About the author:  Dr. Jalonne L. White-Newsome is the Director of Federal Policy for WE ACT for Environmental Justice.  She is based in Washington, DC.

Editor's Note: The opinions expressed here are those of the author. They do not reflect EPA policy, endorsement, or action, and EPA does not verify the accuracy or science of the contents of the blog.

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EPA-State Collaboration Expands Opportunity for Shared Results

by John Linc Stine

Addressing inequities so that all citizens can pursue healthy and fulfilling lives is one of our most important jobs in public service. Minnesota Governor Mark Dayton has challenged state agencies in Minnesota to reduce disparities in all areas of public services and outcomes. As Commissioner of the state’s environmental agency, I have made it my mission to embed the principles of environmental justice into all aspects of the work we do now and in the future.

In Minnesota, we are fortunate to live in a state with a healthy natural environment that contributes to a high quality of life. This is due in large part to a long history of shared responsibility and action by all areas of society in our state to build and support healthy ecosystems and healthy communities, and responsive industries and a strong economy. However, we know not everyone has benefited equally. In Minnesota, as around the rest of our country, significant and unacceptable disparities exist between middle and upper income people and lower income residents and people of color and Native Americans. This includes gaps in educational and economic achievement and health outcomes.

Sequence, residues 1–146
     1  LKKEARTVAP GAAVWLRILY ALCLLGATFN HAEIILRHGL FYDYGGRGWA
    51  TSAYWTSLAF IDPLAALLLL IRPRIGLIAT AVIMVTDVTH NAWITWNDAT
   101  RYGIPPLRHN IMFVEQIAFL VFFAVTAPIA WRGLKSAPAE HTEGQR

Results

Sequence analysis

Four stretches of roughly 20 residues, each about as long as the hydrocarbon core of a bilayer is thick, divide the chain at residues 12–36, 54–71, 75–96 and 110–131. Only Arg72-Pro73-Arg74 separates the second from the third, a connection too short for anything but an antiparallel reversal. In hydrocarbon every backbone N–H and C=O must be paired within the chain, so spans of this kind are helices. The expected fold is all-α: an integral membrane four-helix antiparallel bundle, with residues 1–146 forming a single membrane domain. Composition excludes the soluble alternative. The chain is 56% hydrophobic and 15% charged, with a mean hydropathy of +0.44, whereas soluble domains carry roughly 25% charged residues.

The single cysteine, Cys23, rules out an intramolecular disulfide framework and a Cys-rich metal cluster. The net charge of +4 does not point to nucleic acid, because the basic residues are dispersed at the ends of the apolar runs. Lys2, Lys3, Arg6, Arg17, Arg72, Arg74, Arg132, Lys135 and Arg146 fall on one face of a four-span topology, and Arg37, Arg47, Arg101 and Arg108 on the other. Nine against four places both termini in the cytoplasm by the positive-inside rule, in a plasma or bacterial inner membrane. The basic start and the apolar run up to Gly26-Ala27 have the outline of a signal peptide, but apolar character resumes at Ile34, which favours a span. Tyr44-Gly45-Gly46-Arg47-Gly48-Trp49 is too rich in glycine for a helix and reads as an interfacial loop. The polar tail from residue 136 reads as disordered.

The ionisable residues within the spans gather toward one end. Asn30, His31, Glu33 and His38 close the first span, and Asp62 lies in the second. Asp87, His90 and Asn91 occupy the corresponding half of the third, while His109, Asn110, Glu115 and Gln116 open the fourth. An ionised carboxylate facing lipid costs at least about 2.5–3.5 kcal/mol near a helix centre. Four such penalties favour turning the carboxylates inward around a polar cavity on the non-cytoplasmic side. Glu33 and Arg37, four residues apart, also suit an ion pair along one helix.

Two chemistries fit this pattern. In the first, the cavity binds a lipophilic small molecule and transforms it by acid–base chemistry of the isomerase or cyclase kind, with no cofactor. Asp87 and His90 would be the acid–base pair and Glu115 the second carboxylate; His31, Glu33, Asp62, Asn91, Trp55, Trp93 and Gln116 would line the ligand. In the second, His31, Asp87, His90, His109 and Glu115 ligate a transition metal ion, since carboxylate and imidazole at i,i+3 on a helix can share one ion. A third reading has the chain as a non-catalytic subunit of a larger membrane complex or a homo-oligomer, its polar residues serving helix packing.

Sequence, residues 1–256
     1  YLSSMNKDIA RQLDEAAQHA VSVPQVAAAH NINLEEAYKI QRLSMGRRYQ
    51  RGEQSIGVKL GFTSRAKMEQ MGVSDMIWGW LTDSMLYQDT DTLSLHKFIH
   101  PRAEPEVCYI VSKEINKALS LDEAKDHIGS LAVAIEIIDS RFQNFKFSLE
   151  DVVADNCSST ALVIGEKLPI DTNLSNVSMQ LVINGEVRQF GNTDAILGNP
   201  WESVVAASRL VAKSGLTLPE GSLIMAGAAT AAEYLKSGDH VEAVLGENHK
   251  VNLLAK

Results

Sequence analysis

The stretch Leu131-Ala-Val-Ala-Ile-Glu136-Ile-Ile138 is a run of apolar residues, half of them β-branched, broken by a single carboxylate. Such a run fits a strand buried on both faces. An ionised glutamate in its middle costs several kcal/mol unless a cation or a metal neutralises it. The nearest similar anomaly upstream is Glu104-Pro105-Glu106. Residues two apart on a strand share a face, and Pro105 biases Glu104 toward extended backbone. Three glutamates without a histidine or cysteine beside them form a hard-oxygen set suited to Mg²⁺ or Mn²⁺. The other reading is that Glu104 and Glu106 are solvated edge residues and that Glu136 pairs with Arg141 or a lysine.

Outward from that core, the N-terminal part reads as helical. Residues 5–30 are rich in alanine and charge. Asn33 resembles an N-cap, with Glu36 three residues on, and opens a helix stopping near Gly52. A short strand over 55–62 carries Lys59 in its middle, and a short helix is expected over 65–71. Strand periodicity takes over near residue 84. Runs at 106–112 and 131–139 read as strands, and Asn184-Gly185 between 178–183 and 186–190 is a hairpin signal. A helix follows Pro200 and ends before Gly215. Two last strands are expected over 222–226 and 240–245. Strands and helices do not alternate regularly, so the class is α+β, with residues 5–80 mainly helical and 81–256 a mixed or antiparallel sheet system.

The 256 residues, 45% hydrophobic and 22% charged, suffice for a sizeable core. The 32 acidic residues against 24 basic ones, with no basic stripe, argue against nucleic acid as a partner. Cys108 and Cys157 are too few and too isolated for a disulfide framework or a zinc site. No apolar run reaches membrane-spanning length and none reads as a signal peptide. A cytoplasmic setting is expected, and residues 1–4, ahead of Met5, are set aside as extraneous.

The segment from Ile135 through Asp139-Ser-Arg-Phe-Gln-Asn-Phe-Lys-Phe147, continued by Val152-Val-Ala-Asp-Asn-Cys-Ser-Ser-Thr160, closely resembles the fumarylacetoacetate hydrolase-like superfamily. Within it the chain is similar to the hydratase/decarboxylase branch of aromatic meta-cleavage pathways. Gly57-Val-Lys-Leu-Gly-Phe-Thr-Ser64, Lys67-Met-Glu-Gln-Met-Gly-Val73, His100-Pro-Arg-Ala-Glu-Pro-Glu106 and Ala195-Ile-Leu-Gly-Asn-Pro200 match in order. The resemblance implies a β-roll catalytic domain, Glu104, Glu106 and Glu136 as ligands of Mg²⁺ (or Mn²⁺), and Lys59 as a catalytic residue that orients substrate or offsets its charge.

For too long, many of us in government talked about injustices of the past and present without following up and putting our words into action. EPA’s renewed commitment to action and results about environmental justice has helped to revitalize efforts in Minnesota that had been simmering on the back burner. The ambitious and comprehensive foundation laid by the work of EPA’s Plan EJ 2014 not only advanced integration of environmental justice into federal programs; it also helped to stimulate and strengthen our own efforts by showing leadership, providing tools, and sharing experiences. EJ 2020’s emphasis on collaboration with states and other co-regulators will expand the opportunity for shared learning among states and the EPA – something I believe will only help strengthen our individual efforts.

In Minnesota, we are working to integrate environmental justice into all of our programs, using our expertise and resources to target our work where it will have the greatest effect in reducing past harm and preventing future harm. For example, in Minneapolis, we are piloting an initiative to engage and collaborate with significant air emission sources and community members to identify opportunities to improve air quality and address community concerns. We also are increasing our air monitoring in potentially overburdened communities around the state to better understand disproportionately impacted areas.  Our draft framework can be found at http://www.pca.state.mn.us/gp0r2d.

As we adjust the practices of our programs and capacity to address environmental justice needs, we are benefiting from the experiences of EPA, its Chicago regional office, and other states with more mature programs than our own.  We will do better work in this area by sharing knowledge.